Wellness and Hospitality Resilience in Economic Uncertainty

By Mia A. Mackman President & Owner, Mackman ES | July 01, 2018

Lessons from 2008

The global impact of the Great Recession between 2007-2008 was extensive and significantly touched the lives of millions of people. In the hospitality industry, customary modes to manage the toll of the recession were often layoffs, budgetary cutbacks and business closures. We witnessed a widespread halt in spending, a slowdown in new development and an upsurge of mergers and acquisitions. These changes also greatly impacted executive management roles, compensation structures, and significantly changed the way people worked, traveled and planned ahead.

Despite today's social and political turbulence, a decade later, the economy appears to have significantly improved. Hospitality and tourism are growing, and wellness-travel is yielding powerful returns. New investments and real estate developments are underway worldwide and there is an upswing in hotel, resort and mixed-use real estate development to meet increasing demands. Airbnb launched in 2008 and continues to thrive and expand its platform with local experiences, business travel, meetings and groups and more, further evolving today's travel dynamics. Hospitality in general, looks dramatically different today, then it did ten years ago.

As markets appear to be trending strong on the surface, what are some of the lessons we can learn from the recession of 2008? First, economic change can be an insidious curve. There are always layers of uncertainty and fluctuations looming in new growth and overstated trends. Second, when times are tough, the number one thing people continue to seek is relief. Personal health, quality of life and feeling good, matter more to people than ever before. Three, being innovative and resourceful can convert to true advantages. Being able to adapt and have the dexterity to surf the waves of change are invaluable business skills.

Economic Uncertainty and Program Diversity

The measure "Economic Policy Uncertainty " EPU has been explored by a team of three people to understand the cross sections of "causes and consequences" related to economic-policy uncertainty and how these potentially impact the financial circumstances and management of different markets in the world's economy. This methodology includes human research as well as raw computerized data to create macroeconomic index types. As new markets emerge from smaller subsets, and public policies and tax laws change, these projections show the range of uncertainty over time. Figure 1 below highlights 20-years of the Global EPU index.

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Coming up in December 2018...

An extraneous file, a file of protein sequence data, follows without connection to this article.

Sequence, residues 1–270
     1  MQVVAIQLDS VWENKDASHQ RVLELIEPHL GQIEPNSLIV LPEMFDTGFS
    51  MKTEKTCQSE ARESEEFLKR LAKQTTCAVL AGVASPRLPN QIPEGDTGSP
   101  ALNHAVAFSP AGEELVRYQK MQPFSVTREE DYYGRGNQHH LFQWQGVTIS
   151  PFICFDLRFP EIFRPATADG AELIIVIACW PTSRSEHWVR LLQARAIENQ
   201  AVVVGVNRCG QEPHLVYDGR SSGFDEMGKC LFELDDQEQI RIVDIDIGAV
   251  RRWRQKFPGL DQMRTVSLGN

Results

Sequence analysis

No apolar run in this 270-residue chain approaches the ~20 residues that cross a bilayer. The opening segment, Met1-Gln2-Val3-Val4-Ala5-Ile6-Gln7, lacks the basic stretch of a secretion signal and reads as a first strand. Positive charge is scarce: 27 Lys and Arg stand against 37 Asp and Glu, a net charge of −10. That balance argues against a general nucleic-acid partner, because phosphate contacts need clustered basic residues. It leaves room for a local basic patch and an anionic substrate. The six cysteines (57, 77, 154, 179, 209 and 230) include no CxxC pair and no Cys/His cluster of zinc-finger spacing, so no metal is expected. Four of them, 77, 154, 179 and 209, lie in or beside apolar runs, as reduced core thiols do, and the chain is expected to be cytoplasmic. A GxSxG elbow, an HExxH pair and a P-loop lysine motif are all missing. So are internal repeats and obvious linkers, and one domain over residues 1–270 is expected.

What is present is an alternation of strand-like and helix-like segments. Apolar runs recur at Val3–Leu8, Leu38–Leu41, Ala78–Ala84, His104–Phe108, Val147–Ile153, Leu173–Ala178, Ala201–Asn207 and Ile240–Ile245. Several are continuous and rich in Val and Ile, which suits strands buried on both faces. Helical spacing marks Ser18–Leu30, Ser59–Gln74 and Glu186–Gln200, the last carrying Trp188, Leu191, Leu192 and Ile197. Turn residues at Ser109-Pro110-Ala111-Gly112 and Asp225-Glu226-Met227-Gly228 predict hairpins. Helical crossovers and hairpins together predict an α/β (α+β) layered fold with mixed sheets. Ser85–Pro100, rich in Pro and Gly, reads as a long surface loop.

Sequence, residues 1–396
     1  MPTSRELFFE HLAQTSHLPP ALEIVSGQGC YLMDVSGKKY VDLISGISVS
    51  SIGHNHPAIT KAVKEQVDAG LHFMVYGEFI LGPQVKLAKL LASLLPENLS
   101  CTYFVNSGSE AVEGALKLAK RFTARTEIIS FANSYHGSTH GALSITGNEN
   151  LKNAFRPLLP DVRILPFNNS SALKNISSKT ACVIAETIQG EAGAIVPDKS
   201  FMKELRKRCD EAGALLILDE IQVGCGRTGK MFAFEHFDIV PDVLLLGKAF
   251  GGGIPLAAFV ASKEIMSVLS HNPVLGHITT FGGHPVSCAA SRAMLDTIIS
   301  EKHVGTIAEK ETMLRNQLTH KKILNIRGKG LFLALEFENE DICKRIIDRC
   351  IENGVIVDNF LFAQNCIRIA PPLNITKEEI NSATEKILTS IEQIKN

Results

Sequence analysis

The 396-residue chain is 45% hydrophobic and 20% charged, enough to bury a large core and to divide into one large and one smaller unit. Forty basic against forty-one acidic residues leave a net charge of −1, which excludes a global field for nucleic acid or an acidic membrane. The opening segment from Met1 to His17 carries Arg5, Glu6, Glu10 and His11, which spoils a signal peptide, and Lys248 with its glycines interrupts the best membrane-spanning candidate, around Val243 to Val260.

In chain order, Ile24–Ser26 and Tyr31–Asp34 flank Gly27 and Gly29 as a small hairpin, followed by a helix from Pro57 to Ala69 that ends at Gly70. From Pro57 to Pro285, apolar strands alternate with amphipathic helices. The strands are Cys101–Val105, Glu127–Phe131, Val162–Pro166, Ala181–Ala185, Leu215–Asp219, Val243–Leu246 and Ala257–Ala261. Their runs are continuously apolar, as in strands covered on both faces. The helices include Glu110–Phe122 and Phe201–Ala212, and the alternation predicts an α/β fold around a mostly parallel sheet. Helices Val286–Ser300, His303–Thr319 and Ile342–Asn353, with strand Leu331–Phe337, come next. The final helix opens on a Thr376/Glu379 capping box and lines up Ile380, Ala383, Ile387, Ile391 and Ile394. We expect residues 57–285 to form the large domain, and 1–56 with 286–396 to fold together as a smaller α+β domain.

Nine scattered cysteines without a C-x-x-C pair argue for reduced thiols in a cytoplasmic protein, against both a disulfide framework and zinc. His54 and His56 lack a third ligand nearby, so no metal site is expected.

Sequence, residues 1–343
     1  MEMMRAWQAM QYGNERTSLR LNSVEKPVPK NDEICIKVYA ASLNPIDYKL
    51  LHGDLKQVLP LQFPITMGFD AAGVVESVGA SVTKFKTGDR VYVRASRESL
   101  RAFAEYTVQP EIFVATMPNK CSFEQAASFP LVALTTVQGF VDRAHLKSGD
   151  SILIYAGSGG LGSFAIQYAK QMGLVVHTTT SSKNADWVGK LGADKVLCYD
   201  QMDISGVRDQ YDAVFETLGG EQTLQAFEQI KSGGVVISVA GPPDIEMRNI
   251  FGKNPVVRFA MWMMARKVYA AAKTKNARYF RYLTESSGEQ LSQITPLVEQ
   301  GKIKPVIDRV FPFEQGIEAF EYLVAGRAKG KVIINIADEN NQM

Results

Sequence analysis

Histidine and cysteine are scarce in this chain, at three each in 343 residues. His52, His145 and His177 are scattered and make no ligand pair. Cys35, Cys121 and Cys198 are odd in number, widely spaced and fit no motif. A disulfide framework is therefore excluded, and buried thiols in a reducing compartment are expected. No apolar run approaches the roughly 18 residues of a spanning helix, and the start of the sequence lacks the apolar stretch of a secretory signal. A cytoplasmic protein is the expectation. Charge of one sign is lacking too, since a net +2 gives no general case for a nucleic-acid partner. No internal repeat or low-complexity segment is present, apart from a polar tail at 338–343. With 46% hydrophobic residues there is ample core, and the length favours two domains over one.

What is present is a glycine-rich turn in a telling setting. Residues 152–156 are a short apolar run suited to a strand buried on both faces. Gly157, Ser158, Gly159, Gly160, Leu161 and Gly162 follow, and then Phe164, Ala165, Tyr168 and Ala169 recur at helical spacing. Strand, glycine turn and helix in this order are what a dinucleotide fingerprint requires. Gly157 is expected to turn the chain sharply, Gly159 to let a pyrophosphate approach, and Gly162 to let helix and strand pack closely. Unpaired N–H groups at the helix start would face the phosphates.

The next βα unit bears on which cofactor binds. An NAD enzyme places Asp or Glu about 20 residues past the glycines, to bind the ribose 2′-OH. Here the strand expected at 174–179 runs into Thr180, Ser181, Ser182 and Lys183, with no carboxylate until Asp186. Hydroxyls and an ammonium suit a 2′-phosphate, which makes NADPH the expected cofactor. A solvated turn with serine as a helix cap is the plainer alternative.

Hotel Law: New Administration - New Policies

In a business as large as a hotel and in a field as broad as the law, there are innumerable legal issues which affect every area of a hotel's operation. For a hotel, the primary legal focus includes their restaurant, bar, meeting, convention and spa areas of their business, as well as employee relations. Hotels are also expected to protect their guests from criminal harm and to ensure the confidentiality of their personal identity information. These are a few of the daily legal matters hotels are concerned with, but on a national scale, there are also a number of pressing issues that the industry at large must address. For example, with a new presidential administration, there could be new policies on minimum wage and overtime rules, and a revised standard for determining joint employer status. There could also be legal issues surrounding new immigration policies like the H-2B guest-worker program (used by some hotels and resorts for seasonal staffing), as well as the uncertain legal status of some employees who fall under the DACA program. There are also major legal implications surrounding the online gaming industry. With the growing popularity of internet gambling and daily fantasy sports betting, more traditional resort casinos are also seeking the legal right to offer online gambling. Finally, the legal status of home-sharing companies like Airbnb continues to make news. Local jurisdictions are still trying to determine how to regulate the short-term apartment rental market, and the outcome will have consequences for the hotel industry. The December issue of Hotel Business Review will examine these and other critical issues pertaining to hotel law and how some companies are adapting to them.